Thank you again, Danny. Please keep the comments coming if you find anything else that should be improved. I’ll be happy to help next time I’m in town. We’re thinking of going early next year for baby DiPaolo.

  3. On Nov 2, 2006, Kim Rodriguez wrote:

    I like the new design! And it’s great to get the instant treat of your artwork…and that it changes….

  4. On Nov 2, 2006, Petie wrote:

    Well, I already commented directly via e-mail that I love the new site. I do especially like the new section about what you’re “into” now. Obviously, I also do love the artwork. I particularly like the current one, as you know, graphically, but also the size. On my particular laptop, that size works the best.

    One small thing – and I may be wrong on this, but I can’t comment on the artwork from the main page. You have to click on the artwork to be able to access the comments. (playground and artwork are being used interchangeably here for me.)

    I smiled at the comment of baby DiPaolo above. :) We were discussing when we would next go up to SLC this week, too. Chris has a free SW ticket we’re saving just for that. We might have to wait to see if there will be a baby Stultz…

  5. On Nov 2, 2006, Maria wrote:

    Thank you Kim.

    Petie,
    I’m glad you mentioned that… It’s actually something I wanted to validate. In my plan and design, the comments text within the playground caption should be a link. However, the way how I have set up “hidden” comments for playground entries didn’t allow me to link directly from the home page without recoding that piece. It is doable, and I should definitely enable that link… I’ll work on it the coming days.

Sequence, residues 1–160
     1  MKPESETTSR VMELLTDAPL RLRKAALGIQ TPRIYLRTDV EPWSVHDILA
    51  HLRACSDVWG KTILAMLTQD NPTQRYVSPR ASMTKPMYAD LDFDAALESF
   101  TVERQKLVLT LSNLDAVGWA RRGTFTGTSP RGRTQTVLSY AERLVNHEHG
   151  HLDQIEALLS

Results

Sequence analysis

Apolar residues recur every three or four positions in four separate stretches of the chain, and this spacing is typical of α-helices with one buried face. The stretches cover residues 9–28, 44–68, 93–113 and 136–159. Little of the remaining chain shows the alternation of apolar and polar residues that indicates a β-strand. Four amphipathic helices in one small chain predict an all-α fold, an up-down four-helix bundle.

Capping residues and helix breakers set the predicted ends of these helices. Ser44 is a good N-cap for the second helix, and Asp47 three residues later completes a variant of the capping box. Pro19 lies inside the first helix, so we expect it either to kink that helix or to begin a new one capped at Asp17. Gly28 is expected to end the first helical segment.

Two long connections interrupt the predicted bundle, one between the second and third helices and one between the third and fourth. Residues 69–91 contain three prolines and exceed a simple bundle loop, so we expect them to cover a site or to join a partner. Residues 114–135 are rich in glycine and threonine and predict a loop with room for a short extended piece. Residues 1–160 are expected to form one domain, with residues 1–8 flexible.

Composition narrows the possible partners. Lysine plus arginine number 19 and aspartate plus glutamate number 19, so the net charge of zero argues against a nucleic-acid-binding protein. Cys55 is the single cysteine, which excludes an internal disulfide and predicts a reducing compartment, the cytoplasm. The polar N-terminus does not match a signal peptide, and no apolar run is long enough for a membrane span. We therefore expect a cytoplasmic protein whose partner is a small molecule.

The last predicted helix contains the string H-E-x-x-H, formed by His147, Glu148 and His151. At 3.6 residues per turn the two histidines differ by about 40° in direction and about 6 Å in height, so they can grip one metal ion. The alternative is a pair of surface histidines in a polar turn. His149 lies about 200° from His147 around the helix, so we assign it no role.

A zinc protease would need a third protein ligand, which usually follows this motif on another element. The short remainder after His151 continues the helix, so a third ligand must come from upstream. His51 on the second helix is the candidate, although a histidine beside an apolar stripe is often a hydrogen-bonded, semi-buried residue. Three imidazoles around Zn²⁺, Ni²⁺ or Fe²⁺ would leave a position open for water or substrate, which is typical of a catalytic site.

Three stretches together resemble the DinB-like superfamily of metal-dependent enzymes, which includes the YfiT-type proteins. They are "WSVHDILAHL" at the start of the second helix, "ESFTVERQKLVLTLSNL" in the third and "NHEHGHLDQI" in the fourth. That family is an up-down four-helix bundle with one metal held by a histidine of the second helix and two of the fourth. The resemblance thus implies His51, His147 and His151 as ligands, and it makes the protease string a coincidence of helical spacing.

“baby Stultz”… sounds cute… ;-)

  6. On Nov 3, 2006, mandarine wrote:

    It is just gorgeous.

  7. On Nov 8, 2006, Marla wrote:

    I like that this design showcases your art much more dramatically. It’s more personal, this design. More revealing of who you are.

  8. On Nov 16, 2006, polaris wrote:

    I love the realignment. It’s awesome that you can present the playground, photos, and journal in such a functional yet attractive way. Perhaps it is just because I am less conditioned to viewing two sidebars placed together but, I wonder if it would be better for the “Topics” sidebar and the “Recent Entries” sidebar to be on opposite sides of the main body text.

  9. On Nov 16, 2006, Maria wrote:

    Thank you Polaris.
    I see what you’re saying. That is something I struggled with in the previous design: the double sidebar. It didn’t work on that one, and after trying it on this one, it didn’t convince me visually either. Feels very busy.